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Towards a dynamic understanding of burnout

Dawson, Nicola (2015). Towards a dynamic understanding of burnout. (Unpublished Doctoral thesis, City University London)

Abstract

Nurses in the UK currently face significant challenges: Austerity measures and efficiency drives have led to staff shortages (Nursing Times, 2013), and nurses suffering from higher rates of stress-related sickness when compared to other sectors (Foureur et al, 2013). The nature of the nursing role leaves nurses particularly vulnerable to burnout (Farrington, 1995). A pragmatic epistemological framework was adopted to conduct a mixed methods study, with qualitative focus, which set out to retrospectively explore how the nurse becomes vulnerable or resilient to burnout. Initially 100 nurses working in the high intensity fields of cancer care or ITU, in a leading UK, NHS Trust, were invited to take part in a quantitative study exploring burnout levels, using the MBI. 100 took part, 53% showed burnout on at least 1 dimension of burnout, ie. emotional exhaustion. 16 nurses were interviewed qualitatively: 10 showing various degrees/patterns of burnout and 6 showing high levels of resilience to burnout. A modified, analytical approach of classical grounded theory was adopted. Findings suggest burnout is a continuous, multi-faceted process involving a complex interplay of internal/interpersonal/external factors. The process is mediated by how reflective, insightful and adaptable a nurse is to work-based stressors, with marked differences being found between the vulnerable and resilient nurse positions. Of note the inherent preference for taskfocused or emotionally-driven nursing orientations variably influences how burnout develops. The pervasive culture of communication was also identified as significant with the optimum culture being one of understated stoicism, acceptance and collective management of vulnerability. Findings suggest far reaching implications for nursing training policy, selection, nursing practice and intervention development, which should function at the individual/interpersonal and organisational level, taking into account the impact of nursing orientations and the pervasive culture of communication on burnout.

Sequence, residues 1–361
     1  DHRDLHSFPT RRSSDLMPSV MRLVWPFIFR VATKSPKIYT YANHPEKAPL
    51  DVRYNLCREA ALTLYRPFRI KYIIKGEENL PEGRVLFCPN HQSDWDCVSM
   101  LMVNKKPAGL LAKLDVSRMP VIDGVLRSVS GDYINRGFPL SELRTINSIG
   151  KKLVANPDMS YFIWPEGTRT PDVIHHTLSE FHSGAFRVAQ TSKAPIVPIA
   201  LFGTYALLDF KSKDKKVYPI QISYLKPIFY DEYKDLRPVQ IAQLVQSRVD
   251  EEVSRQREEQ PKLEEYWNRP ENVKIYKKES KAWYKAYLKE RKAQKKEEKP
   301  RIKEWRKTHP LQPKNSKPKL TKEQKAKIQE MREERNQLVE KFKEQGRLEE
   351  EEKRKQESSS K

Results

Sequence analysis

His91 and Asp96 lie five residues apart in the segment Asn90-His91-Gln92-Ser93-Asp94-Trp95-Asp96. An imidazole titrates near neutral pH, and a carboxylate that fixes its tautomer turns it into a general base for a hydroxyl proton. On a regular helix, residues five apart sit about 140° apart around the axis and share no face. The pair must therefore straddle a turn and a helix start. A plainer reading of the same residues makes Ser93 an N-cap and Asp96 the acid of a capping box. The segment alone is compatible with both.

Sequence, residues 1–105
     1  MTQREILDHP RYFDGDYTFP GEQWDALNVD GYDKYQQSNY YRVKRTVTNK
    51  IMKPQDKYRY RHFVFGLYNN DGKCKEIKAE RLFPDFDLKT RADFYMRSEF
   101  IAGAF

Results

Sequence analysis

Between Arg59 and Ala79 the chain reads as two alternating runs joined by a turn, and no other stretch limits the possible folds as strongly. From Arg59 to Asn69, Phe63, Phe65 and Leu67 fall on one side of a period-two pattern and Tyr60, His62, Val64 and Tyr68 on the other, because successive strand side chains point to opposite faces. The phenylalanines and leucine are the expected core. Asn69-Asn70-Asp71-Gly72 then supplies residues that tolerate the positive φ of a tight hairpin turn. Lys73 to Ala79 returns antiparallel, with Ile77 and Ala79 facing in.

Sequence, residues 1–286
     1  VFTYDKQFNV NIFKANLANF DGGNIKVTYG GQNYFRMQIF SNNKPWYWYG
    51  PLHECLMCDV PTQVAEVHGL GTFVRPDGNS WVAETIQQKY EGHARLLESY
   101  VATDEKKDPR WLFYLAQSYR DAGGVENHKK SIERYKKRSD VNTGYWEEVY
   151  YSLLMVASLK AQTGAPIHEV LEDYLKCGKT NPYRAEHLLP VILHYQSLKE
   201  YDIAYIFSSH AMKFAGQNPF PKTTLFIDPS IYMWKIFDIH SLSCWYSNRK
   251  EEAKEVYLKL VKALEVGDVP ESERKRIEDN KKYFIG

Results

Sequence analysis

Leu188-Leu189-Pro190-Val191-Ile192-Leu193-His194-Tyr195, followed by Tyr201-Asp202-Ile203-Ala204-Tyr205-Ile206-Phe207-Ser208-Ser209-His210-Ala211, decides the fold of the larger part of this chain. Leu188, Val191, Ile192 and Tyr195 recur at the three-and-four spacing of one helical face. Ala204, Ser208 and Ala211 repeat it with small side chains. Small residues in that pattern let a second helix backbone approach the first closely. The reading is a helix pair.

Publication Type: Thesis (Doctoral)
Subjects: B Philosophy. Psychology. Religion > BF Psychology
Departments: School of Arts & Social Sciences > Psychology
Doctoral Theses
Doctoral Theses > School of Arts and Social Sciences
URI: http://openaccess.city.ac.uk/id/eprint/14702
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